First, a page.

Crypto CEO dies with password to unlock $200 million customers’ Bitcoin

Irving Hamilton
February 5, 2019

Canadian crypto exchange QuadrigaCX owes its customers about $190 million after its founder died suddenly previous year taking his encrypted access to the money with him.

The news followed a decision by Canadian Imperial Bank of Commerce (CIBC) to freeze US$28 million of assets held by Quadriga after saying it was unable to identify the real owners of the funds.

In an affidavit, the widow of Gerald Cotten, Quadriga's founder, CEO and sole director, said he died suddenly on December 9 due to complications from Crohn's disease.

What was the password again?

"The laptop computer from which Gerry carried out the Companies' business is encrypted and I do not know the password or recovery key".

"Quadriga's inventory of cryptocurrency has become unavailable and some of it may be lost", Robertson wrote after her husband died suddenly of complications from Crohn's disease in December. "Despite repeated and diligent searches, I have not been able to find them written down anywhere".

The exchange's new directors voted to "temporarily pause" the exchange on January 26, according to Robertson. "They've left us completely in the dark", said Elvis Cavalic of Calgary.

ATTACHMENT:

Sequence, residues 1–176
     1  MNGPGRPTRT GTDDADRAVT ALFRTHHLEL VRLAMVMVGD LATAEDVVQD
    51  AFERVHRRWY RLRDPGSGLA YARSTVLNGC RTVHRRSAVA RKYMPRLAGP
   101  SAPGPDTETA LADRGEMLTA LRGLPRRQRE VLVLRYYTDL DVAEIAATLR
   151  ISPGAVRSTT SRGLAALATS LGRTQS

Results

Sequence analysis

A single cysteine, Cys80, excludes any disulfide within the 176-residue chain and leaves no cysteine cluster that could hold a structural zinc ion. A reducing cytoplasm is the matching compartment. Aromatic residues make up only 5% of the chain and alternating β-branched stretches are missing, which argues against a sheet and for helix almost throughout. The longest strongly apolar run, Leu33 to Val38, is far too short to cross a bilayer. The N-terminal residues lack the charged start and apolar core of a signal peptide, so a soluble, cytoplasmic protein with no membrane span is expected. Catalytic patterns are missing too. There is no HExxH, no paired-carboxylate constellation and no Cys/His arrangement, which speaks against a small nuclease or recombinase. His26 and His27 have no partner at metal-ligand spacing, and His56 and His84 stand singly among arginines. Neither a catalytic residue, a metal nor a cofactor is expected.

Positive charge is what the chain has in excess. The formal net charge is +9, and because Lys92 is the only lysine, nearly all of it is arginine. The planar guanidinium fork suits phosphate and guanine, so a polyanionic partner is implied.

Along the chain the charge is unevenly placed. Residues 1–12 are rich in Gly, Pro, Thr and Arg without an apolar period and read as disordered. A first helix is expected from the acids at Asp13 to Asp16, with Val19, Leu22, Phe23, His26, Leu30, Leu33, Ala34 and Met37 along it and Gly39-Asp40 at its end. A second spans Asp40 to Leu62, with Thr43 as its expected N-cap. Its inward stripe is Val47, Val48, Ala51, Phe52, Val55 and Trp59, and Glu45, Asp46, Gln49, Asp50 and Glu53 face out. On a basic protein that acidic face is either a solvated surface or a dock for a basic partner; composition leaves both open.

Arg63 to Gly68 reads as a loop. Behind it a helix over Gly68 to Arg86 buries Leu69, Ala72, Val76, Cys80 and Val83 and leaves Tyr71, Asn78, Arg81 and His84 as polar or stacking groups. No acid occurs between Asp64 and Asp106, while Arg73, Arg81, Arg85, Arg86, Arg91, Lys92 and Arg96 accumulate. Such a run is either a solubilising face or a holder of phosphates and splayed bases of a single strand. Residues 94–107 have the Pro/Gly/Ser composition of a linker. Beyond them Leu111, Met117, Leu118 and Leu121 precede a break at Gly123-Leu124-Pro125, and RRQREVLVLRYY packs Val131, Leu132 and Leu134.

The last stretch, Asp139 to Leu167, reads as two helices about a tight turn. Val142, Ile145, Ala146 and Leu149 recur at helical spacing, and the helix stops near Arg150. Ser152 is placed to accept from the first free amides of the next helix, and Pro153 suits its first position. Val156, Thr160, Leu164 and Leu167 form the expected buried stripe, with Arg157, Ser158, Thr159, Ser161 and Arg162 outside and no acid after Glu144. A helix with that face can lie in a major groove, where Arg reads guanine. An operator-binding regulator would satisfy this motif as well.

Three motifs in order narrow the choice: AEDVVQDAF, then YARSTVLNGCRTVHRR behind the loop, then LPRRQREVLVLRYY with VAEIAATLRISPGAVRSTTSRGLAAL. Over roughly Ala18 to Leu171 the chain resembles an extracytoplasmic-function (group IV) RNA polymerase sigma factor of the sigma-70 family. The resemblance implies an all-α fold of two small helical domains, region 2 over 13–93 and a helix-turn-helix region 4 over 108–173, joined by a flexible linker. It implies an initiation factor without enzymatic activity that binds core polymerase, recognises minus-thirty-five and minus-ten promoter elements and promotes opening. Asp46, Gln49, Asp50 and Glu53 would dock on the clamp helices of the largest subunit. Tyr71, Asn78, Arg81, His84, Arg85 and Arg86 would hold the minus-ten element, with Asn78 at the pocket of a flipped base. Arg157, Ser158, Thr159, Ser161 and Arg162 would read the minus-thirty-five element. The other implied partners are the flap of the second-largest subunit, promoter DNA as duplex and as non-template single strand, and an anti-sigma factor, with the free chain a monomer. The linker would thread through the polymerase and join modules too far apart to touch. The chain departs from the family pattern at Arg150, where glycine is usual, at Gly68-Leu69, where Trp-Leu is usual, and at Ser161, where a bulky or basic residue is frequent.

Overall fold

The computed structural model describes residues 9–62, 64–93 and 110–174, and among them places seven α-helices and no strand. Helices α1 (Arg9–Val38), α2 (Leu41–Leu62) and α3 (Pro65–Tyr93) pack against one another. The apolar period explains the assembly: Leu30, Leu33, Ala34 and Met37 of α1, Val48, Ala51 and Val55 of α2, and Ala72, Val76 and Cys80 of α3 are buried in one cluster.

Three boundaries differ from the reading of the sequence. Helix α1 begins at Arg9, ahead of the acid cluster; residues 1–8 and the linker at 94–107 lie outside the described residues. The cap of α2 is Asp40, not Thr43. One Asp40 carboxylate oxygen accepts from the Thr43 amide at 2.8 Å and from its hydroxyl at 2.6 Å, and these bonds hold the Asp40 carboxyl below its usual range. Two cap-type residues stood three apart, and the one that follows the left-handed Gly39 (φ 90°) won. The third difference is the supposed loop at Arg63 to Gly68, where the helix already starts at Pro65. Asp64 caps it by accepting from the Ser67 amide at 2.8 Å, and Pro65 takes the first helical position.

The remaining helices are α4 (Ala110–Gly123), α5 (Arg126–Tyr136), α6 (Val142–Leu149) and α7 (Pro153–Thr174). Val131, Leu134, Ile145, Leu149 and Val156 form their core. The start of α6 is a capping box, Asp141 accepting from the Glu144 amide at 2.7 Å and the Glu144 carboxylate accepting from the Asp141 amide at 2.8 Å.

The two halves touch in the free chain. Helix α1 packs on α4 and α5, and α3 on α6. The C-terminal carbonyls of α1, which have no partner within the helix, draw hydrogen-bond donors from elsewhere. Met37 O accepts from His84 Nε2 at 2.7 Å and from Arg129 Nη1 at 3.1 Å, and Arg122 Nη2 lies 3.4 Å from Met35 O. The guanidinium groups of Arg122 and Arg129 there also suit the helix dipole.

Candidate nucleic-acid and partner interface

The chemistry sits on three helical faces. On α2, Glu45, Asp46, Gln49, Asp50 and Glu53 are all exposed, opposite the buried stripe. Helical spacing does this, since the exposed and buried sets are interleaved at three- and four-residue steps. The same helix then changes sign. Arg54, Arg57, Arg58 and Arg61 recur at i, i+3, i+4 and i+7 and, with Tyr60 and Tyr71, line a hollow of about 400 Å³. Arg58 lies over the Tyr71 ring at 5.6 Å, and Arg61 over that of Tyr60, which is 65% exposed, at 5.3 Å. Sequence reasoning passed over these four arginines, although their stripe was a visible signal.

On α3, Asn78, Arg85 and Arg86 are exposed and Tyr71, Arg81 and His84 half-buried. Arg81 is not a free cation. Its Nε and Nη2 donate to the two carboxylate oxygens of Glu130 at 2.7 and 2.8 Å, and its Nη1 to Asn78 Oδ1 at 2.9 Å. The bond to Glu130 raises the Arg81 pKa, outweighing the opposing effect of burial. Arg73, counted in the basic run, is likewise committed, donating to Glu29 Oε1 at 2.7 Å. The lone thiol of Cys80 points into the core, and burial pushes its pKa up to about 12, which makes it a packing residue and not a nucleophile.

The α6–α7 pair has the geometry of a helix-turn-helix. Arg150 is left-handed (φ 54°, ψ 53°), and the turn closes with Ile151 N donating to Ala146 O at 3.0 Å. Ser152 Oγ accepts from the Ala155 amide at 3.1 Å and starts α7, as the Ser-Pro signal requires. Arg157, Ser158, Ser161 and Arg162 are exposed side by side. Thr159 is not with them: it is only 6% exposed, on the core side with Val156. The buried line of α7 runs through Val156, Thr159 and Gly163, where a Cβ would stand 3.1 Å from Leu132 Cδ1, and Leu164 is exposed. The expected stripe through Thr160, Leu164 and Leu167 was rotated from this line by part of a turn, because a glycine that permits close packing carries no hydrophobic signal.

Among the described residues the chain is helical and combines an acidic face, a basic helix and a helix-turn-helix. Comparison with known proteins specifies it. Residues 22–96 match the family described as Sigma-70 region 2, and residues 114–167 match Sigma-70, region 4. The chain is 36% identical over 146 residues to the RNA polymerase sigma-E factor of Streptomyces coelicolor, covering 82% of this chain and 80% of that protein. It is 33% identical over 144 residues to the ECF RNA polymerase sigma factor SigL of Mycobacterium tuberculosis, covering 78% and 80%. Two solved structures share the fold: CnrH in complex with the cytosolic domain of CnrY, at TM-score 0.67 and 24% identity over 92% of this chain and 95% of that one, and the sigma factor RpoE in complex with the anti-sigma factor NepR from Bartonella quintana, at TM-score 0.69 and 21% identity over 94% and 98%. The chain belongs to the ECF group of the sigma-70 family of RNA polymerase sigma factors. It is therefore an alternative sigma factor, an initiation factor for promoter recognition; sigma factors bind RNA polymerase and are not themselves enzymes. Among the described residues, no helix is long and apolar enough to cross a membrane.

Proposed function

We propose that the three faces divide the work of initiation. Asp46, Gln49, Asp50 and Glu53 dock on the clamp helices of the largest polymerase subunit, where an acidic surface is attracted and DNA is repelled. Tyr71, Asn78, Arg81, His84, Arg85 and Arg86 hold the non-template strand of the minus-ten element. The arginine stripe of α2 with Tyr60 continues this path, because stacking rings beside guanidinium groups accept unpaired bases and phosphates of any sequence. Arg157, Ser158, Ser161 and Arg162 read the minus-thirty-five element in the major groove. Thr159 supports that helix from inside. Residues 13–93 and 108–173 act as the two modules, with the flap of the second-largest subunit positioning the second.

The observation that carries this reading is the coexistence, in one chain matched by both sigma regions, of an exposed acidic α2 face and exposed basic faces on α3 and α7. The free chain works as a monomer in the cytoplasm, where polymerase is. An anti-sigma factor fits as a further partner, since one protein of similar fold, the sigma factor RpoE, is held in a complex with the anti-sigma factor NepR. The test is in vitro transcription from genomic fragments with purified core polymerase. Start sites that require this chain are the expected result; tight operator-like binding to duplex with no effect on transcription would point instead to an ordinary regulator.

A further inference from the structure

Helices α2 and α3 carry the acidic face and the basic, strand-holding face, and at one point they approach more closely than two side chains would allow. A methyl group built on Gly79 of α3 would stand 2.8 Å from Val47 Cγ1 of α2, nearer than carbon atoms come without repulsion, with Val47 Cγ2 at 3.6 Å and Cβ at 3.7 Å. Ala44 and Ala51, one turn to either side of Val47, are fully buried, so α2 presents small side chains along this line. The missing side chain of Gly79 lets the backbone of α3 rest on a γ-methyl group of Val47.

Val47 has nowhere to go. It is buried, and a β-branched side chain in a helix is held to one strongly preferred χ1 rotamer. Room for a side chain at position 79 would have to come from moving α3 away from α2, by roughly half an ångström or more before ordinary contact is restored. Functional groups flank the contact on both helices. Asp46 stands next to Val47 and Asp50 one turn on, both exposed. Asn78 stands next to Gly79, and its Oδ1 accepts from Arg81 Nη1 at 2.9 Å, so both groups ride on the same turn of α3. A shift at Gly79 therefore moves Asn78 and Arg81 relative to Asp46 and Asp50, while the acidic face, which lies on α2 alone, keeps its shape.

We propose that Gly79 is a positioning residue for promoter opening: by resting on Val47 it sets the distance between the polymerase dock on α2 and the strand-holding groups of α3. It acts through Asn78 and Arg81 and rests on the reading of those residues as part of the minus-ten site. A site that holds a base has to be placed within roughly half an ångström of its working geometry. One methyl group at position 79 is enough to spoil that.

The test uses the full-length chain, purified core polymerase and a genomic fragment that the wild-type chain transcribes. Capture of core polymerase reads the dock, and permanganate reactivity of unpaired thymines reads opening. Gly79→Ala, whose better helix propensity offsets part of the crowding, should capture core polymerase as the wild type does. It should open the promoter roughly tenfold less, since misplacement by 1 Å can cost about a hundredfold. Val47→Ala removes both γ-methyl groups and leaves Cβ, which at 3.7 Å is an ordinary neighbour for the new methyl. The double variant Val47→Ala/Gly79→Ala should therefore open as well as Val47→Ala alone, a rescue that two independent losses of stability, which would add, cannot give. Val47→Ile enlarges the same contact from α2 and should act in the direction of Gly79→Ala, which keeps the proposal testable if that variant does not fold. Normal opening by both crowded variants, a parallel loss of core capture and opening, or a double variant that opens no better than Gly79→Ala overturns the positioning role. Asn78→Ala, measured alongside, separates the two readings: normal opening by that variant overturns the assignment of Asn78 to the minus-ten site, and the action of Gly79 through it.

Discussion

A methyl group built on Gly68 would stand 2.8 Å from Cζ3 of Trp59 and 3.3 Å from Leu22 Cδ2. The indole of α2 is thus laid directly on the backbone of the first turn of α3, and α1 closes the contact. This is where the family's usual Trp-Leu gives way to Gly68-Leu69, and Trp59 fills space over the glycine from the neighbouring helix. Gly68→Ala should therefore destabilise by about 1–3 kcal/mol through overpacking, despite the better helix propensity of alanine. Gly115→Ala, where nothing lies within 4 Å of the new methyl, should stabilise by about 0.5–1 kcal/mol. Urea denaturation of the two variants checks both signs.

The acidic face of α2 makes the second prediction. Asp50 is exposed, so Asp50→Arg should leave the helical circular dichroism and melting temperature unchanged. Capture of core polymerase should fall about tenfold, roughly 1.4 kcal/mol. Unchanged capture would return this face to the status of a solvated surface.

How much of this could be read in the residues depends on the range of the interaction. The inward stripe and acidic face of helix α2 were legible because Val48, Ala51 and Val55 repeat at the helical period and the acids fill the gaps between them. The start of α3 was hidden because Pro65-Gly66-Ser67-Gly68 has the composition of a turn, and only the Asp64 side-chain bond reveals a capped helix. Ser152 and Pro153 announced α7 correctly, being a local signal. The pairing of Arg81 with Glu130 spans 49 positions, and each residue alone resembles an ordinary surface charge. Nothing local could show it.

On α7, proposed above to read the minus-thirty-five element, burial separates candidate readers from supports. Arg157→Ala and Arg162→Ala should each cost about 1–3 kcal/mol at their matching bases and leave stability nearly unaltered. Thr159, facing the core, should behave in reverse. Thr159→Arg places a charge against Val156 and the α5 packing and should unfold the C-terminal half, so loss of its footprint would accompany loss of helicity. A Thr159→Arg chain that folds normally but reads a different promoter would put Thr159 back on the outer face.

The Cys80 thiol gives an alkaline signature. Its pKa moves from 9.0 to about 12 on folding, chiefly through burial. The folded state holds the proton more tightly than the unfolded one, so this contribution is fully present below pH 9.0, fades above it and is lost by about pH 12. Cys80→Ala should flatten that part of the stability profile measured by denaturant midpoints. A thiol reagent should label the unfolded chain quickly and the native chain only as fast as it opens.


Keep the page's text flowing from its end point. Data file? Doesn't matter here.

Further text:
Marshmello Concert Start Time in Fortnite
DJ Marshmello's Fortnite set was watched by 10 million concurrent players and is now available to download on iTunes . Electronic music artist Marshmello teamed up with EPIC Games for the performance, which had an audience of millions.

Robertson said in her affidavit she has received online threats and "slanderous comments", including questions about the nature of Cotten's death, and whether he is really dead.

The company is also investigating whether some of the cryptocurrency could be secured on other exchanges, according to court files.

"If this can not be done in an orderly fashion, many, if not all users, may suffer damage", she wrote.

In a sworn affidavit with the Nova Scotia Supreme Court, widow Jennifer Robertson admitted the firm owed 250 million Canadian dollars in both cryptocurrency and cash to as many as 115,000 account holders.

When Quadriga was fully operational, its users could use a variety of means to fund an account with the exchange, from online transfers and automatic deposits to paying via cash or a debit card at thousands of Canada Post locations.

Robertson said Quadriga would consider selling its cryptocurrency platform as an option to fulfill its obligations to customers and creditors.

Other reports by

Discuss This Article

FOLLOW OUR NEWSPAPER